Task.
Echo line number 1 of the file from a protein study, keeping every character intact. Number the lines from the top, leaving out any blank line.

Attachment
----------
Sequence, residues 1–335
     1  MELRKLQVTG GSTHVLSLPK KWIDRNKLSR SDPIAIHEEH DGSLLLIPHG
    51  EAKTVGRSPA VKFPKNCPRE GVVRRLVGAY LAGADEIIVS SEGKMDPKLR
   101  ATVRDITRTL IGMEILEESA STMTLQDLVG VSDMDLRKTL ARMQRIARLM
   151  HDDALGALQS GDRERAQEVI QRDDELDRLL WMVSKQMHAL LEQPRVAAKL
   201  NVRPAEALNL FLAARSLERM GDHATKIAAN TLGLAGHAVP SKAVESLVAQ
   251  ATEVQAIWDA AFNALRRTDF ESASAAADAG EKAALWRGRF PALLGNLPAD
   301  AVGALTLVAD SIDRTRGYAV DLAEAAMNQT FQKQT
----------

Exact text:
Sequence, residues 1–335